Trip Number: 13023B
Staff: Cristina Breen
- Observe whales, seals, birds, and other wildlife while traveling on
a small yacht
- See bears fishing for salmon in their natural habitat
- Hike through temperate rainforest to beaches, waterfalls, and wildflower-covered
- Yacht lodging and all meals
- On-trip naturalist/marine biologist
- Use of sea kayaks
Join us as we explore the breathtaking beauty of this area, as well as the
natural history and tribal heritage of southeast Alaska's Inside Passage from
the comfort of a small yacht. We will watch humpback whales as they gather in
these rich northern waters to feed on herring and krill that thrive here. These
whales were once the most abundant whale species in the world. Now, they are
on the endangered species list. Fortunately, the population is increasing. It
is truly an amazing site to see pods of whales feeding and frolicking.
We will also journey into fjords to see icebergs and a tidewater glacier, look
for bears and other wildlife. Most of our voyage will take place in the Tongass
National Forest -- the largest in North America. Each day, we'll go ashore to
experience beautiful beaches and forests, tumbling waterfalls, alpine meadows,
and wetlands filled with incredible plants. Accompanied by a naturalist, we'll
comb the shoreline for intertidal creatures, birds, plants, and marine animals
as well as go on some hikes to enjoy the lush forests and wildlife that abounds
there. Additionally, we have applied for a permit to include a visit to the
Anan Creek Bear Observatory where we’ll likely see bears feasting on salmon.
This permit is a lottery, and we will know the status in February 2013. However,
we have excellent chances, as there are typically more permits than applications.
We have not been disappointed yet!
We'll begin our voyage in picturesque Wrangell, Alaska. This was traditionally
a logging town, but has evolved with tourism. Our group will gather the evening
before the trip begins to get acquainted and take a look at the trip plan.
Our flexible daily itinerary will be based upon group interests, weather conditions,
and, of course, animal sightings. Therefore, what follows is only a sample itinerary!
Photo: Daniel Leighton
Days 1-2: The trip officially begins at 10 a.m. at Wrangell’s
municipal harbor. We’ll board our new home (a 65-foot steel motor-vessel),
assign cabins, have a safety talk, and then get underway. We’ll likely
stop for a short hike, or perhaps visit Virginia Lake, where the hardy can enjoy
a chilly swim.
We head for Anan Creek, which has the largest run of pink salmon in southeast
Alaska. It has long been used by bears (both brown and black bears) and humans
as a fishing and food-gathering site. Twenty-five years ago, the U.S. Forest
Service improved a trail to the falls and built a simple observatory on the
site of a former Tlingit village. The Forest Service has a half-mile boardwalk
trail, deck area, and blind that give us an opportunity to watch the bears up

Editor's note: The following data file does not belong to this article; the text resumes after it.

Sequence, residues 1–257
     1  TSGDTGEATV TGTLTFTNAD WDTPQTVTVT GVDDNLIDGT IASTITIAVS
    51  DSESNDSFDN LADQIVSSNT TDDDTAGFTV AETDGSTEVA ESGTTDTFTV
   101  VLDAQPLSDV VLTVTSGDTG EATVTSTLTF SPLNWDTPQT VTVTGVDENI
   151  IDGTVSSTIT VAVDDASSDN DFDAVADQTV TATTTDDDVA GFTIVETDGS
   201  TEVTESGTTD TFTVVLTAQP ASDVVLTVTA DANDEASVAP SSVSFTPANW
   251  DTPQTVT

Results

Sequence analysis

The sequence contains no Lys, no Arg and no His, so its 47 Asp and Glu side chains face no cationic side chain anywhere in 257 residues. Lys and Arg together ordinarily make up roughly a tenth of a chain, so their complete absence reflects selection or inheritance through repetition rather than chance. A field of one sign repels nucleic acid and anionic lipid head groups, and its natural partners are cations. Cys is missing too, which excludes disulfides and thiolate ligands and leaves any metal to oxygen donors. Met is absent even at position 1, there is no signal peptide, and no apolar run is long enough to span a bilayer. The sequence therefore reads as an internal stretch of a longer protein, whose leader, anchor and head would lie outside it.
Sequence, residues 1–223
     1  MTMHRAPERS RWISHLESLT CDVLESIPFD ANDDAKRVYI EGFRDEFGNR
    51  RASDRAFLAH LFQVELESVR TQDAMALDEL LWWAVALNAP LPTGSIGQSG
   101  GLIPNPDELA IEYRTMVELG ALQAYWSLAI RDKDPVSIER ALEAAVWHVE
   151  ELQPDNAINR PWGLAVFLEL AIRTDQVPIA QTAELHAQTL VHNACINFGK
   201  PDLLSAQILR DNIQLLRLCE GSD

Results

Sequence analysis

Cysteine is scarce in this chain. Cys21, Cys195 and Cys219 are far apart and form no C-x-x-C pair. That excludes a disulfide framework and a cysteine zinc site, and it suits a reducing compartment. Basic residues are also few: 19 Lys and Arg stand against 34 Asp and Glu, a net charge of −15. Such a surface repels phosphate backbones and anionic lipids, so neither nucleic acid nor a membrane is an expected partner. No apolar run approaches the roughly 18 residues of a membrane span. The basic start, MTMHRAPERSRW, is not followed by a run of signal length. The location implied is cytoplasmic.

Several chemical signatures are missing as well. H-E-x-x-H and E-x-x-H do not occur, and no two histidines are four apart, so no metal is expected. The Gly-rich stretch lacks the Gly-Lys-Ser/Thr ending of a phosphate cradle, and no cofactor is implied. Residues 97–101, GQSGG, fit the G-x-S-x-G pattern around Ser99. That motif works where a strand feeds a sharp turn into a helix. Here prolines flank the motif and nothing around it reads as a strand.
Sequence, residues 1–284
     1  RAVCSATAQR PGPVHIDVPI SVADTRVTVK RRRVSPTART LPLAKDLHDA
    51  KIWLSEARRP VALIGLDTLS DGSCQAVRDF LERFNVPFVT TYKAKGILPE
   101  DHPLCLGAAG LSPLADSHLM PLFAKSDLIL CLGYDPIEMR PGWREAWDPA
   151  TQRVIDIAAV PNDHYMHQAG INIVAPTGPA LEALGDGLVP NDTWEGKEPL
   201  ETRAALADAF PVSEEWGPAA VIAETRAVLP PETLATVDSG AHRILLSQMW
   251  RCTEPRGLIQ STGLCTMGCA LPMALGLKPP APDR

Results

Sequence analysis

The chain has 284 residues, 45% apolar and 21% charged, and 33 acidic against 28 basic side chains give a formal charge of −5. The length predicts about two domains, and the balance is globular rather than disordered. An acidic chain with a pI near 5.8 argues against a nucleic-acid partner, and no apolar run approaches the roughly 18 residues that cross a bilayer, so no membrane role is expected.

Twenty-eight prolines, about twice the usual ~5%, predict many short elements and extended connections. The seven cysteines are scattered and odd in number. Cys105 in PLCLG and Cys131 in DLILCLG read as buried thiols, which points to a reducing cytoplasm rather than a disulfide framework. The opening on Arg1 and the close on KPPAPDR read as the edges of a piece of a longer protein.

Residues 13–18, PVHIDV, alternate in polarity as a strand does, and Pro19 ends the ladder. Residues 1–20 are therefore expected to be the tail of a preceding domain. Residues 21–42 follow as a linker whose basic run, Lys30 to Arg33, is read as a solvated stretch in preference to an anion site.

close. We will take our time enjoying at Anan area and the Anan Bear Observatory.
Day 3: Heading north through the Wrangell Narrows, we may
stop at some interesting petroglyph-inscribed rocks before stopping near Petersburg,
an interesting small town. We may take a hike through a nearby bog full of fascinating
plants that are native to that environment, or take a hike out of Petersburg
itself. We will then continue north on Fredrick Sound to Thomas Bay.
Days 4-5: With good weather, we’ll awake to see spectacular
mountains, seascapes, and glaciers. Frederick Sound, Chatham Strait, and Stephens
Passage are considered the best areas in southeast Alaska to see humpback whales.
This area is the home of hundreds of humpback whales, and one of the only places
in the world where it is possible to witness the feeding style known as "bubble-net
feeding." We will be watching for the whales and this method of feeding.
We'll explore all of these areas. With luck, we'll see some spectacular whale
behavior. We also likely observe sea otters, orcas, dolphins, porpoises, terns,
and other interesting seabirds. We’ll spend a night at an island group
called The Brothers, where we can take our skiff or kayaks to observe sea lions.
A gorgeous hike through a rainforest also awaits us at these islands.
Photo: Daniel Leighton
Days 6-7: A treat is in store for us as we cruise up one of
the fjords to the foot of a large tidewater glacier, perhaps the Dawes Glacier.
These glaciers extend hundreds of feet above the water and are constantly calving
icebergs into the water below. Depending on schedule and interest, we may continue
to Five Fingers lighthouse for a shore excursion, or even go as far as Kake
-- one of the native villages in this part of Alaska.
Days 8-9: We'll visit Baranof Warm Springs for a relaxing
soak and a chance to hike to a lake above the picturesque falls. During this
time we will also visit Admiralty Island National Monument, which has the highest
concentration of brown bears (coastal grizzlies) and nesting bald eagles in
Day 10: Weather and sea conditions permitting, we’ll
head to St. Lazaria Island, a wildlife refuge, where we should see tufted puffins,
pigeon guillemots, rhinoceros auklets, and several other bird species. We will
aim to reach our final destination, Sitka, by noon.
Occasionally, changes may occur in the trip -- either in advance or during
the trip. Please be aware that we will make every attempt to stay within this
itinerary. However, if weather, equipment, or any other condition causes a change,
please be flexible and respect the decision of the leader. The safety of the
group is our number one concern. While wildlife in the Alaska islands is tremendous,
we cannot guarantee that you will see all species listed as examples.